2. Evans, T. Cluedo. Master's Thesis, Centre for Virtual Environments, ISI, University of Salford, 2001.

3. Gerstmann, J. Unreal tournament: Action game of the year, 1999. GameSpot; www.gamespot.com/features/1999/p3_01a.html

4. Kitano, H., Tambe, M., Stone, P., Veloso, M., Coradeschi, S., Osawa, E., Matsubara, H., Noda, I., and Asada, M. The RoboCup synthetic agent challenge '97. In Proceedings of the Fifteenth International Joint Conference on Artificial Intelligence, (Nagoya, Japan, 1997).

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Authors

Gal A. Kaminka (galk@cs.cmu.edu) is a post doctoral fellow in the Computer Science Department at Carnegie Mellon University in Pittsbugh, PA.

Manuela M. Veloso (veloso@cs.cmu.edu) is an associate professor in the Computer Science Department at Carnegie Mellon University.

Steve Schaffer (steve.schaffer@jpl.nasa.gov) is a member of the Artificial Intelligence technical staff at NASA Jet Propulsion Laboratory.

Chris Sollitto is a recent graduate of the Computer Science Department at Carnegie Mellon University.

Rogelio Adobbati (rogelio@isi.edu) is a recent graduate of the Information Sciences Institute at the University of Southern California.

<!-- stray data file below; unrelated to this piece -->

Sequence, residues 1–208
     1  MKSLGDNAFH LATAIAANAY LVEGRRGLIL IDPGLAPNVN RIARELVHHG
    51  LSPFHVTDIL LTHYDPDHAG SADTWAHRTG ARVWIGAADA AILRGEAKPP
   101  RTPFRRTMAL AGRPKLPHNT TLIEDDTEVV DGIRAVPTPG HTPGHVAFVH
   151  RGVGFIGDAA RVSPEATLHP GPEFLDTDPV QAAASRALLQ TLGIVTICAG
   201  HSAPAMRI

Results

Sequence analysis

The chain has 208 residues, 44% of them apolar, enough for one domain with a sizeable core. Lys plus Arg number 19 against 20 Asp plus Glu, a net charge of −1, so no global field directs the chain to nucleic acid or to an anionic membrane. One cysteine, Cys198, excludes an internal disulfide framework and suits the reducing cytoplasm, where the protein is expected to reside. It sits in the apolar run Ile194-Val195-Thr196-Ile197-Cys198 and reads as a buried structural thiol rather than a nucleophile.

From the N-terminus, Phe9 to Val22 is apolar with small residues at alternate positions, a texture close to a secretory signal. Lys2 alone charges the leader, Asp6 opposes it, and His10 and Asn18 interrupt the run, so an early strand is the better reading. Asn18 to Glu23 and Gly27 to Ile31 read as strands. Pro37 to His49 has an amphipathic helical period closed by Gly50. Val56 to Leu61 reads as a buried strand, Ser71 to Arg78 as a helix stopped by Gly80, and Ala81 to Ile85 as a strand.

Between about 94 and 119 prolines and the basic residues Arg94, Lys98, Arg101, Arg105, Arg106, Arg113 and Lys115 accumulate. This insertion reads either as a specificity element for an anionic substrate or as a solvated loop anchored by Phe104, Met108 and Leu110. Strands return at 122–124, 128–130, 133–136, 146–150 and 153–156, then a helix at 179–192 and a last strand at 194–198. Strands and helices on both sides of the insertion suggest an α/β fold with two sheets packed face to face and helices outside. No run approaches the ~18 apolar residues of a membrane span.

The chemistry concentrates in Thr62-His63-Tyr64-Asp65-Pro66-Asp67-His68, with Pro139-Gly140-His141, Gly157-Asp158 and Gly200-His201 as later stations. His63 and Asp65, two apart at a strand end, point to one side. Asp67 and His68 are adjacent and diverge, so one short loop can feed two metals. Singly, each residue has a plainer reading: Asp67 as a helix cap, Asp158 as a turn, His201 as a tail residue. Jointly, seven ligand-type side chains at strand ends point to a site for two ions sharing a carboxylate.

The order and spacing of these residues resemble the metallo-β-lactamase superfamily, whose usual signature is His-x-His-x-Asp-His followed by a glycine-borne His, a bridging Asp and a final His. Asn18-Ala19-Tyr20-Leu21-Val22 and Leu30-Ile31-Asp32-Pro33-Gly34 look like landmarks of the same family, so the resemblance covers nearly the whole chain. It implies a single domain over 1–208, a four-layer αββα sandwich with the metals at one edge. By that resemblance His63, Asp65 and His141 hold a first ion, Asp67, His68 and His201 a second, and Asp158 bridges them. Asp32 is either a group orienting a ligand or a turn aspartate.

Andrew N. Marshall (amarshal@isi.edu) is a staff member in the Information Sciences Institute at the University of Southern California.

Andrew Scholer (ascholer@usc.edu) is a Master's student in the Information Sciences Institute at the University of Southern California.

Sheila Tejada (tejada@isi.edu) is a Ph.D. candidate in the Information Sciences Institute at the University of Southern California.

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Figures

F1Figure 1. GameBots architecture. Agent programs (Bot Clients) connect through sockets to the GameBots module, which manages their sensing and acting. Human players connect through the normal commercial software directly to the UT server.

F2Figure 2. A screen shot of the nonviolent graphics and 3D models developed for GameBots. The graphics include male and female wizards that tag each other using a range of magical and humoristic wands, ranging from the bubble wand that shoots bubbles at the target (shown in the figure) to the "goo wand" that slimes opponents with green goo.

F3Figure 3. This screen shot shows the effect of using the bubble wand to "shoot" a bubble at the blue wizard. A bubble-like sound accompanies the action.